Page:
The covenant partner here is the whole created world! Creation holds together because of YHWH's faithfulness. This judgement about the reigning of YHWH is made out of experience of the daily reliability, evidenced from the simple facts of being nourished and having the necessities of life provided.
     The pattern of authentic living reflects YHWH's power-for-life and evokes a response of "child-like trust" in the reliability of that life. This quality evokes gratitude by telling of YHWH's deeds. All must know of God's reigning (v.10). The speaker celebrates the order in God's creation - it surprises and gives unwarranted gifts to unlikely creatures. God's power mobilises to care for the otherwise uncared for. The appropriate community response is: "We will praise your name forever, our Ruler and our God."
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the second reading:

The passage from the final part of the Book of Revelation is dedicated to describing the new ordering which takes the place of the old ordering that has come to an end. The positive effect produced by the death of Jesus is the restoration of the interrupted relationship between God and humankind that gives access to divine life.

Revelation 21 : 1 - 5

     Until now the Seer has been stressing the effects of the judgement of God upon the world. The basic positive effect which the death of Christ has produced, is the restoration of the interrupted relationship between God and humankind giving back to people the possibility of access to divine life. This is "good news" which Jesus came to bring. The proclamation of this reality in the early Christian community produced the Christian scriptures.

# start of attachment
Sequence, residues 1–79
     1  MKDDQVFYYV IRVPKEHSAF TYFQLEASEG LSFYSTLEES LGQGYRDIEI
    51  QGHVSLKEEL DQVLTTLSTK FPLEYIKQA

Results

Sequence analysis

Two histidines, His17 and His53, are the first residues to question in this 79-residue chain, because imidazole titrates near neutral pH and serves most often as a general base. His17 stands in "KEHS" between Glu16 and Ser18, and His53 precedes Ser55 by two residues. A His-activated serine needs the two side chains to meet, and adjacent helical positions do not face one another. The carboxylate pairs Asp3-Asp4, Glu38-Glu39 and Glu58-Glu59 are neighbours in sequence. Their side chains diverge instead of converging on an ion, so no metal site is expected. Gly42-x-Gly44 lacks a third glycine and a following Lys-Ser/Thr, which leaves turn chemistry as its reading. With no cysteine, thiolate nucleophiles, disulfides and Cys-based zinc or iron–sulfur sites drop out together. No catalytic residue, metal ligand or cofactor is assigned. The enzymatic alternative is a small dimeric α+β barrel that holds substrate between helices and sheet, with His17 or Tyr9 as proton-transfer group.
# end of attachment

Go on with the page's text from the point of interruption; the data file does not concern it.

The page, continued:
The Seer believed the person and work of Jesus was the fulfillment of all that had been announced in the Hebrew prophetic tradition. One of the main features of that tradition, especially after the Babylonian exile was the return and the restoration of Jerusalem and its Temple. The author presents Jesus as the promised and expected Messiah - and saw the restoration of Jerusalem as the climax of messianic expectations.
     There is a line of continuity between the new reality and the old. The Seer's new heaven and the new earth are reminiscent of Isaiah 65:17-19 and 66:22. Jerusalem began with good intentions but lost the way by forgetting the mandate it had to care for the powerless - and is punished (Is.1:24-26). In the end after the hurt and after the city is plowed as a field, it will become a place of humaneness - caring for widows and orphans (Is.1:26-27). The city will be what it was initially summoned by YWHA to be. When the social arrangements are transformed the land will be healed and its people with it (Is.65:17-25).
     The prophet Isaiah has God promise a new Jerusalem. The poem describes the new city. It has a new economics! No one will plant and someone else eat the produce. There will be a new medical policy! There will be no more infant mortality. There will be a new covenental religion! God will answer before the people call. In this new city there will be no more cries of distress, no more abandonment, no more terror. There will be well-being in the city - for it is promised (Is.65:19-22). The prophetic vision of Isaiah is taken up by the Seer. The heavenly chorus shouts: "The reign of the world has become the reigning of our Lord and his Christ; he will reign for ever and ever!" (Rv.11:15 NJB)